Kenai Mayor Brian Gabriel speaks at a joint work session at the Kenai Chamber of Commerce and Visitor Center on Monday, Oct. 11, 2021 in Kenai, Alaska. (Ashlyn O’Hara/Peninsula Clarion)

Kenai Mayor Brian Gabriel speaks at a joint work session at the Kenai Chamber of Commerce and Visitor Center on Monday, Oct. 11, 2021 in Kenai, Alaska. (Ashlyn O’Hara/Peninsula Clarion)

Kenai to unveil interactive map of available land

The total acreage of all land owned by the City of Kenai is roughly the same size as the City of Soldotna.

Land available for purchase and lease in the City of Kenai will soon be viewable on an interactive map being built as part of Kenai’s development of a land management plan for the city — a resource that has been years in the making.

The issue brought city council members, administrators and commissioners together Monday night at the Kenai Chamber of Commerce and Visitor Center, where Kenai City Manager Paul Ostrander formally presented the draft plan for the first time.

“I’m excited that we’re all here tonight,” Ostrander said. “It’s been about three and a half years of effort to get to where we are now.”

Development of a land management plan for the city is the result of a 2018 vote by the Kenai City Council in support of a “city-wide approach” to land management. In all, the city has 369 subdivided parcels that cover 5,540 of land. A significant chunk of those parcels — almost 2,000 acres’ worth — were acquired from the Federal Aviation Administration in 1963.

The total acreage of all land owned by the City of Kenai, for comparison, is roughly the same size as the City of Soldotna at about 8.5 square miles.

Under the management plan, the chunks of city land are designated for retention, disposal, lease-only disposal or mixed. Disposal land designated as lease only refers to land that the city is interested in leasing, but that cannot be sold. Mixed parcels refer to land that can be subdivided into pieces to be sold.

Ostrander demonstrated how the city’s new GIS, or geographic information system, software works. The site shows users an overview of the city and allows them to toggle city and parcel boundaries and to filter parcels shown by classification and size. Additional filters show a parcel’s proximity to city and water sewer lines, as well as topography and location relative to wetlands.

The creation of a database for city land, Ostrander said, is a major accomplishment.

“Before, we didn’t know a whole lot about what we had,” Ostrander said. “Now, we have a much better understanding. This is a significant step forward for the city.”

Also shown through the new GIS software is what fund the parcel belongs to. All city parcels either belong to the city’s airport or general fund, meaning when those parcels are leased or sold the money is deposited into one of those funds. Roughly one-third of the city’s airport fund lands — which generate more than $500,000 annually — are currently being used, while just 8.75% of the city’s general fund lands — which generate almost $220,000 annually — are being used.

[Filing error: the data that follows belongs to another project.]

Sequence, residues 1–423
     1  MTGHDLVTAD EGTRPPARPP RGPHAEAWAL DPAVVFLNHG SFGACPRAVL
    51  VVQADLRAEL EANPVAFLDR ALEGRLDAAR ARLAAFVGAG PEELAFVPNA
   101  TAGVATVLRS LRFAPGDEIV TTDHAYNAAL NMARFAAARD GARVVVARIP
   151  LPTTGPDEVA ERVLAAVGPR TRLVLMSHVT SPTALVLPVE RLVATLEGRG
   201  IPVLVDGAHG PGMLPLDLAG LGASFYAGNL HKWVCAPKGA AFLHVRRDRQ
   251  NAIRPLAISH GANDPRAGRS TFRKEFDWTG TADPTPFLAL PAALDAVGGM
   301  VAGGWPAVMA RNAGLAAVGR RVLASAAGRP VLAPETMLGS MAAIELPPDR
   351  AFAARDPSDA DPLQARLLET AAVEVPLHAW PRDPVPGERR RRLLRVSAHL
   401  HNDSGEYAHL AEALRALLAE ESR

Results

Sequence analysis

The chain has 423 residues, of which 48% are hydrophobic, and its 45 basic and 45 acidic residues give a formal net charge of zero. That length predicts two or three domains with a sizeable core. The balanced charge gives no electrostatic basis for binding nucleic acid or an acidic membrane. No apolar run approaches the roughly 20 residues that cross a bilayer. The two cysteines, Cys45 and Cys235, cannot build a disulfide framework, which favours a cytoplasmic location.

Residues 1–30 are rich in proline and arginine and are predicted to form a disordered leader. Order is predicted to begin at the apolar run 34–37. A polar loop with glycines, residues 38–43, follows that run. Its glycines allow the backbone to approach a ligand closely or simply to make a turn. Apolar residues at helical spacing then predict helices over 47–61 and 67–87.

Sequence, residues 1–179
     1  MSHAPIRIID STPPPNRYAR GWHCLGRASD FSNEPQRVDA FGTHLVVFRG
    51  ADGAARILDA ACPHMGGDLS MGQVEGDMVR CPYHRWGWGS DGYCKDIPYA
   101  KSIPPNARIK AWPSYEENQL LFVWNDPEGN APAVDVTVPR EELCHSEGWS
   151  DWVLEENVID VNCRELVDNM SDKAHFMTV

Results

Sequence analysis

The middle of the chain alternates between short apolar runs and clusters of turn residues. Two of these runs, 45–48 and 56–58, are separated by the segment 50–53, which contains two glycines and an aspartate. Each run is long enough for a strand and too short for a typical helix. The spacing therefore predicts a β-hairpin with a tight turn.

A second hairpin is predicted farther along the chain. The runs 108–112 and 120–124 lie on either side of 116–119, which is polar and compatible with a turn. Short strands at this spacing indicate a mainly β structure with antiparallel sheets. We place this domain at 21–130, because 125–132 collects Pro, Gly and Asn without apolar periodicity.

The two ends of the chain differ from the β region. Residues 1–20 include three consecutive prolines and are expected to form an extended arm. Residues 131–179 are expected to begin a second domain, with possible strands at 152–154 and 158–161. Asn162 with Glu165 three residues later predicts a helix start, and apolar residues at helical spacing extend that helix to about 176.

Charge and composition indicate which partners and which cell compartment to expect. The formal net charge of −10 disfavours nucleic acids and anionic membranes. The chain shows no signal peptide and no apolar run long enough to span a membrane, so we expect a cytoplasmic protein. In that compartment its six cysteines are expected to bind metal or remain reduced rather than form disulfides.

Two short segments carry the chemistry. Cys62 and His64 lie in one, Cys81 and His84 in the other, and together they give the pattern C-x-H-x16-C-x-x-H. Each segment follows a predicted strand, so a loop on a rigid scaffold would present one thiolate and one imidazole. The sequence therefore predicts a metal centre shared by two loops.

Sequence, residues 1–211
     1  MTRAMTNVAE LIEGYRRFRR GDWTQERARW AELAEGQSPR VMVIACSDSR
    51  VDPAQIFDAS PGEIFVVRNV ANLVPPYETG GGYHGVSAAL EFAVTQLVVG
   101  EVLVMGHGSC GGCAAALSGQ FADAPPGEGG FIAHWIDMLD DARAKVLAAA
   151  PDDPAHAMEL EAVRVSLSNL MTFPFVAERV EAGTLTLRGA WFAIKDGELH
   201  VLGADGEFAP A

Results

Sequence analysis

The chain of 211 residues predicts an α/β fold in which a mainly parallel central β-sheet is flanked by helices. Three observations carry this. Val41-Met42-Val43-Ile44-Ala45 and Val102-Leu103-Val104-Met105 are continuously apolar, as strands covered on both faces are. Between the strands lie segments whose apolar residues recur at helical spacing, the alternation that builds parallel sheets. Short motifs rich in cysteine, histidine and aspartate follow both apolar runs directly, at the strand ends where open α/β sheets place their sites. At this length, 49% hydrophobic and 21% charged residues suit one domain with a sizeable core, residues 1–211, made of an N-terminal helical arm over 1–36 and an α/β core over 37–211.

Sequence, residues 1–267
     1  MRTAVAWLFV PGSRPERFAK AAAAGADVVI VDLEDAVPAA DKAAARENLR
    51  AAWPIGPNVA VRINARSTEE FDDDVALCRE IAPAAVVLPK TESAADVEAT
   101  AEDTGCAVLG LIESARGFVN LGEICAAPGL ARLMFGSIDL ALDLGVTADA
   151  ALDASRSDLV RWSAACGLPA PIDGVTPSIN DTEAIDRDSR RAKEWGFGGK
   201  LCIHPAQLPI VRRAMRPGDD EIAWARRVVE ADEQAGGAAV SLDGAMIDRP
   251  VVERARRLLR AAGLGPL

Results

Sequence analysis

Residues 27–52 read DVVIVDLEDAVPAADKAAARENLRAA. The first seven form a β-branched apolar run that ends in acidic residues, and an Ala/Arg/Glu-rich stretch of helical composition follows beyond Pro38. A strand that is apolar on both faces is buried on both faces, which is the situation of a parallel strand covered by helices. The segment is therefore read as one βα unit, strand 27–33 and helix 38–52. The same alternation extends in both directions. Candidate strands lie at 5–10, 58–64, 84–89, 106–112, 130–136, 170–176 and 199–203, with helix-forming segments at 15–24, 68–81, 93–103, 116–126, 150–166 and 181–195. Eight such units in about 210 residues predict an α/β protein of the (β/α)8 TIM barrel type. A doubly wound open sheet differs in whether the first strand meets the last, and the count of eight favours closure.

Ostrander said city code requires parcels of city land to be appraised prior to being sold, but the GIS software will also show the land value as assessed by the Kenai Peninsula Borough.

One of the key benefits the new system will bring to the city, Ostrander said, will be seen in the turnaround time inquiries take at the planning department level. He used as an example a recent request from Triumvirate Theatre. The group’s former theater burned down earlier this year, and the Kenai City Council voted to donate a piece of city land for the company’s rebuilding efforts.

Triumvirate prepared a list of criteria needed at a new theater site and the Kenai Planning Department prepared a list of parcels that met those criteria. The process took about three days. With the new database, Ostrander said, the same request would take about 30 minutes.

That expedited process, Ostrander said, will be of particular benefit for people looking to start a business in Kenai, because it will be easier for people to find land that meets their needs.

“If someone’s putting together a business plan and they want to locate their business in the City of Kenai, this is the tool we want to provide to the public online,” Ostrander said.

While the GIS software hasn’t officially launched yet, Ostrander said the city’s plan is to make it available as soon as possible. In contrast, honing the land management plan will be a longer process.

The city is encouraging members of the public, in addition to people affiliated with the City of Kenai, to submit feedback on the draft plan as it is developed over the next several months. The public will have an opportunity to testify on the plan once it has been reviewed by city commissions and brought before the city council. That is expected to happen toward the end of the year.

In addition to submitting written comments on the plan, people can also submit comments on the city’s website at kenai.city/lands/page/land-management-plan. The full draft land management plan can also be found on the city’s website.

Reach reporter Ashlyn O’Hara at ashlyn.ohara@peninsulaclarion.com.

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